The hidden gem you should seek out: Augustiner-Bräu. You knew a beer hall was coming at some point, and this is a personal fave. You’ll find Augustiner beer halls throughout Germany (and Munich for that matter) so do wander in if you see any of them, but for the OG brewery, head to Landsberger Strasse in the west of the city for a taste of history (and a delicious dark dunkel beer).

Stuttgart

The stadium: MHPArena. 54,906. 

Fun fact: It has a fabric roof which can withstand up to 1,000kg of weight per square decimeter.

The one match you have to watch here: This COULD be the quarter-final in which Germany play, and if they do, they may be coming up against Spain, or Croatia, or Italy…

The one thing you need to tick off the bucket list here: Porsche Museum. If you like a fast car, here’s the place you need to go. There’s even a workshop with a huge glass window which you can look through as employees restore vintage cars.

The hidden gem you should seek out: Pig Museum. What once was an abattoir is now home to a museum holding thousands of artefacts all about our piggy friends.

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Cologne

The stadium: RheinEnergieStadion. 49,827.

Fun fact: FC Köln, who play here, have a real life mascot which is a goat called Hennes who you can see at all home games, and on a webcam at the zoo when it’s not matchday.

The one match you have to watch here: Whoever tops Group B out of Spain, Italy, Croatia or Albania will play their first knockout game here against one of the third placed teams, so there’ll likely be a European heavyweight in town.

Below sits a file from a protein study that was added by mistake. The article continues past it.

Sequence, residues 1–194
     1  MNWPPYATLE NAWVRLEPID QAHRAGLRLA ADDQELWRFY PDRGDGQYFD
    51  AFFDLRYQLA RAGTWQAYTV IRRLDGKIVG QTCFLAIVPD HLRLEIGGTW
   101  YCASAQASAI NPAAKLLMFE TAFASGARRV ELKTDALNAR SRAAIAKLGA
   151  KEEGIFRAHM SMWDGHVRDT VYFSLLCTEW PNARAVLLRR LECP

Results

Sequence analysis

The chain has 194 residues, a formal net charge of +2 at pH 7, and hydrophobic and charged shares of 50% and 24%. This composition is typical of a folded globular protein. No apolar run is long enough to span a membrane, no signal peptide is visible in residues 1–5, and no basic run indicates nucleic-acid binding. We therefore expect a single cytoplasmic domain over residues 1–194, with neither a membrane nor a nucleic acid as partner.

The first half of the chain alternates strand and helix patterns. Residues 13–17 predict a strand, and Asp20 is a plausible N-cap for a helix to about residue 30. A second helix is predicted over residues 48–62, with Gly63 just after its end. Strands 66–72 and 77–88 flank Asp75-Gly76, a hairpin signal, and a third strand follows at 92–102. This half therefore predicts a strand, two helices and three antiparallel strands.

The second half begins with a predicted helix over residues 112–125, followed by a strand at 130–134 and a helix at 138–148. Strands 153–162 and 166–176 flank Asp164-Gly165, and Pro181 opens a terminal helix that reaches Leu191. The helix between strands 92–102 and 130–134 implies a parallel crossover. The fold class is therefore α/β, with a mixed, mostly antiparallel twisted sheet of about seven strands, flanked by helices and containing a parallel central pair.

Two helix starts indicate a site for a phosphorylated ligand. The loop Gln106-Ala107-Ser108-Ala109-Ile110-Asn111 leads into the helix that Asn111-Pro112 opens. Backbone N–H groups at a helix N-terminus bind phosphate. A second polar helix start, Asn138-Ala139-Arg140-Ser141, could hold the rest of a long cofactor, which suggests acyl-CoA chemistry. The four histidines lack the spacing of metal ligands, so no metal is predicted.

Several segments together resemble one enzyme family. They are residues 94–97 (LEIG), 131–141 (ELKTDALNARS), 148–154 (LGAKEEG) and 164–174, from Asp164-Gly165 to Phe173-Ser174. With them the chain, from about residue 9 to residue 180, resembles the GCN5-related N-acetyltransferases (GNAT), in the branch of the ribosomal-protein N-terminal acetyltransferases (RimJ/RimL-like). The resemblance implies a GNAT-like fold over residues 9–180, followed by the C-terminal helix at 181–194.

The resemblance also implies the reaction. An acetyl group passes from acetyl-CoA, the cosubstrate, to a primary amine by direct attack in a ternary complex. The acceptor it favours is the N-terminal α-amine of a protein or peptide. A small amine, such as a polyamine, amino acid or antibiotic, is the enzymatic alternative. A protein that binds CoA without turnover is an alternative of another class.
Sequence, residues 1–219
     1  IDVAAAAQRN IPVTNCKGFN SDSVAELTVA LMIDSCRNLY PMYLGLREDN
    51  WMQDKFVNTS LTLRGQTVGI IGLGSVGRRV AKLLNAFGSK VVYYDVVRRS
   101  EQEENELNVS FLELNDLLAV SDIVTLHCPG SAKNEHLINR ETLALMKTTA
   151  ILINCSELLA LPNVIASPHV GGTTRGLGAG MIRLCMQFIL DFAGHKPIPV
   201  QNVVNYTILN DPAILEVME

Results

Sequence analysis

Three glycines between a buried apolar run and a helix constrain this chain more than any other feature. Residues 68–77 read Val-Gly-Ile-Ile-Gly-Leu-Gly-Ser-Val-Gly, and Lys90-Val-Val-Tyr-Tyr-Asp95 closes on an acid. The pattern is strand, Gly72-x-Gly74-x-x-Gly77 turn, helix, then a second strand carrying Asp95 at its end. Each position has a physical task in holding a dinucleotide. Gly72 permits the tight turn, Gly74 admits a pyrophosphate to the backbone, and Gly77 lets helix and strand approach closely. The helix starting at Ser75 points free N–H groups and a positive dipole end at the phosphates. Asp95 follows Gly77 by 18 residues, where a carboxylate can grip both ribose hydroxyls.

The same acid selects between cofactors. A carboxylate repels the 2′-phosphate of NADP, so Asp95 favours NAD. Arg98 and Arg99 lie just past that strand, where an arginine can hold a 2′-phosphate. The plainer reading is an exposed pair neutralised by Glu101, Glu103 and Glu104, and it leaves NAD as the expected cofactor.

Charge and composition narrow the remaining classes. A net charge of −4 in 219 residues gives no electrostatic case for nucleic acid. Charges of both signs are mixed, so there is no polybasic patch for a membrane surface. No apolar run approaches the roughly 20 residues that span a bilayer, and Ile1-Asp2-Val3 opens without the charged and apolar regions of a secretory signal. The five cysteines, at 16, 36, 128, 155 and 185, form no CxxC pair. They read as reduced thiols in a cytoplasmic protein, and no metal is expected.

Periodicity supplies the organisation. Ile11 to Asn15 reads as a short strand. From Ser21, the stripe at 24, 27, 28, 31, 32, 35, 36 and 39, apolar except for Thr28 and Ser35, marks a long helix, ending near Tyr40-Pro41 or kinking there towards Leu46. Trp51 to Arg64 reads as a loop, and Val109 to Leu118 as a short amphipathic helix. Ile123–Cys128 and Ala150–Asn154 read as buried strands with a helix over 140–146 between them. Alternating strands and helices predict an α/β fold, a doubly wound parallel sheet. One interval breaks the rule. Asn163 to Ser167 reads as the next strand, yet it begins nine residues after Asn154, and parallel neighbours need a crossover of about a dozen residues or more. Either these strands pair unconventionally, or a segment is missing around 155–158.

The one thing you need to tick off the bucket list here: Cologne Cathedral. This is Germany’s most visited landmark, with visitors flocking to its iconic twin spires which tower into the sky.

The hidden gem you should seek out: Mustard Museum. Are you a fan of a spicy condiment? Well, visit here and you may even get lucky enough to have a free tasting.

Frankfurt

The stadium: Waldstadion. 54,697. 

Fun fact: This stadium has actually seen plenty of American Football action too, with current Super Bowl champions Kansas City Chiefs beating the Miami Dolphins there in 2023.

The one match you have to watch here: The pick of the matches in Group C and a repeat of the Euro 2020 semi-final as England take on Denmark.

The one thing you need to tick off the bucket list here: Römerberg. This square looks like something you’d see on a Christmas card, and with good reason. Every year, it holds a Christmas market which illuminates all the beautiful old buildings that surround it with twinkly lights.

The hidden gem you should seek out: Peeing Tree. This is one of the more unique art installations you’re likely to see. In an old maple tree in one of the city’s nature areas, there is a pipe sticking out with water coming out of it. (Don’t worry – it is categorically not pee).

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Düsseldorf

The stadium: Merkur-Spiel Arena. 51,031.

Fun fact: The stadium hosted the Eurovision Song Contest in 2011.

The one match you have to watch here: There’ll be a quarter-final here, and it could see England face Spain, Croatia or Italy.

The one thing you need to tick off the bucket list here: Tonhalle Düsseldorf. This is a beautiful concert hall with an iconic green roof dome – see if you can catch the Düsseldorf Symphony here for a classy night.

The hidden gem you should seek out: EKŌ-Haus. The city has a large Japanese community, and here you’ll find a gorgeous Japanese house, as well as a Japanese garden and tea room.

Dortmund

The stadium: Signal Iduna Park. 65,849.